US Fishing Volume Drops as Value Stays Afloat, Report Finds

Photo by Guy Fanguy via NOAA

MANHATTAN (CN) – The U.S. fishing industry caught a strong tide in 2016, the government reported Wednesday, unveiling its annual snapshot that tracks fisheries by species, as well as annual seafood consumption and the productivity of top fishing ports.

Though the 9.6 billion pounds of seafood hauled to land last year marked a 1.5 percent decrease from 2015, the National Oceanic and Atmospheric Administration’s annual Fisheries of the United States report put the value of that catch at $5.3 billion, an increase of 2.1 percent from the previous year.

Clocking in at 176 pages, the report dated Oct. 30 but released Wednesday is littered with eye-catching infographics.

They show among other things that the highest value commercial species for fishermen last year were lobster ($723 million), crab ($704 million), scallop ($488 million), shrimp ($483 million), salmon ($420 million) and Alaska walleye pollock ($417 million).

That last fish showed near-record landings of 3.4 billion pounds in 2016, a 3 percent surge from the year before, representing 35 percent of total U.S. commercial and recreational seafood landings.

This made Alaska walleye pollock the nation’s largest commercial fishery by volume, according to the report.

Other findings include that 9.6 million anglers caught more than 371 million fish in nearly 63 million trips last year. Of fish, 61 percent were released alive.

In 2015, according to the report, fishing contributed $36 billion to the national economy.

The NOAA says striped bass remains the top harvested catch by weight among saltwater anglers, followed by dolphinfish, bluefish, yellowfin tuna, spotted seatrout, and summer flounder.

Regulators also counted a 1 percent increase in seafood imports last year. Weighing in at 5.8 billion pounds, those fish are worth $19.5 billion, a 3.5 percent increase from 2015, according to the report.

American fishermen still catch “a significant portion of this imported seafood,” the NOAA noted in a press release, noting that the fish is exported overseas for processing and then reimported to the United States. 

Shrimp and salmon, largely farm raised, are two of the top three imported species.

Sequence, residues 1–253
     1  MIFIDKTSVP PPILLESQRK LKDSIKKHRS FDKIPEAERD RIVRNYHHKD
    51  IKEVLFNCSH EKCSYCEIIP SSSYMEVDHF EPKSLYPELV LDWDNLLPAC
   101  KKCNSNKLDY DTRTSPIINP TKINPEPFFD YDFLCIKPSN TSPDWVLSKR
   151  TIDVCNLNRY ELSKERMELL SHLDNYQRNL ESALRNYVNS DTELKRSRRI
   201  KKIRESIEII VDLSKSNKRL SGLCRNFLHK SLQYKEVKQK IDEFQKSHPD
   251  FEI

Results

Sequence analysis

China, Indonesia and India lead the world in total aquaculture production, with the U.S. trailing far behind in 16th place.

The report says 1.4 billion pounds of aquaculture production was reported in the U.S. in 2015.

Secretary of Commerce Wilbur Ross emphasized that these numbers “underscore the untapped potential of aquaculture here at home.”

“Expanding our nation’s aquaculture capacity presents an opportunity to reduce America’s reliance on imports while creating thousands of new jobs,” Ross said in a statement.

Seafood consumption went down in the U.S. last year, the NOAA found, saying the average American ate 14.9 pounds of fish and shellfish in 2016, but 15.5 pounds in 2015.

“U.S. dietary guidelines recommend 8-12 ounces of a variety of seafood species per week, or 26 to 39 pounds per person per year,” according to the NOAA’s statement on its report.

In Alaska, the port of Dutch Harbor led the country last year with the highest amount of seafood landed for the 20th consecutive year.

Those 770 million pounds of fish were valued at $198 million, and walleye pollock accounted for 89 percent of that volume.

Sea scallops accounted for 77 percent of the value meanwhile of the 107 million pounds of fish hauled into the port with the highest value catch ($327 million). New Bedford, Massachusetts, took that honor for the 17th year in a row.

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